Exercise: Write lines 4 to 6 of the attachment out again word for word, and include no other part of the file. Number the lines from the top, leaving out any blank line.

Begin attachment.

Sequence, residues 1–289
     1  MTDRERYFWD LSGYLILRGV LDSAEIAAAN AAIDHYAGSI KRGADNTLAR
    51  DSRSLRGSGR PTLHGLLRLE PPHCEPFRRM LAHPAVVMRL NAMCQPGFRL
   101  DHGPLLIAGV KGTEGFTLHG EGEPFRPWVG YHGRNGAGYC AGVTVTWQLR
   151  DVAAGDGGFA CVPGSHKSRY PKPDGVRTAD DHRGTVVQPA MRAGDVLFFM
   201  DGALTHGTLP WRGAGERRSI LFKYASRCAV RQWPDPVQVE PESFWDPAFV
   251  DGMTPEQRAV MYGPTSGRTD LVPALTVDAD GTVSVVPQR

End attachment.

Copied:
   101  DHGPLLIAGV KGTEGFTLHG EGEPFRPWVG YHGRNGAGYC AGVTVTWQLR
   151  DVAAGDGGFA CVPGSHKSRY PKPDGVRTAD DHRGTVVQPA MRAGDVLFFM
   201  DGALTHGTLP WRGAGERRSI LFKYASRCAV RQWPDPVQVE PESFWDPAFV